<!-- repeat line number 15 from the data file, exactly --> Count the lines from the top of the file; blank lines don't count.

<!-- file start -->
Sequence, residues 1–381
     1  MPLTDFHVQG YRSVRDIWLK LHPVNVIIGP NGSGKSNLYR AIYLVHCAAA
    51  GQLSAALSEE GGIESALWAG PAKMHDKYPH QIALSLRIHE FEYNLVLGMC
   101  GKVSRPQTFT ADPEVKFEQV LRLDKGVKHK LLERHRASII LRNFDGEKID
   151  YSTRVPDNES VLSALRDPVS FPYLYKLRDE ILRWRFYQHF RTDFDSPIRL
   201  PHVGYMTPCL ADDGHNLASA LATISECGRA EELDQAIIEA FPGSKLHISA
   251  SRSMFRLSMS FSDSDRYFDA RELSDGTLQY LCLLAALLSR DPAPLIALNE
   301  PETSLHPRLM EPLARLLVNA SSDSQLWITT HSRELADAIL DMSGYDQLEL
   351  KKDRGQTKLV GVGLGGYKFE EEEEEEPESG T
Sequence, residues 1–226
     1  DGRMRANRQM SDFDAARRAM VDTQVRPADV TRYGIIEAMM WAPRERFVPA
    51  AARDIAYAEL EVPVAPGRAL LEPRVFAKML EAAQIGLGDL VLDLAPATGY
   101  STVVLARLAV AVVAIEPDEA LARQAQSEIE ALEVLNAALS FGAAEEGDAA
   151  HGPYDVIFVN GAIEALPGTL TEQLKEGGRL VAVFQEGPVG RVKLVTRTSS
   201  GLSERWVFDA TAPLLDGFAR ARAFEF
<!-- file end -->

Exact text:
   201  GLSERWVFDA TAPLLDGFAR ARAFEF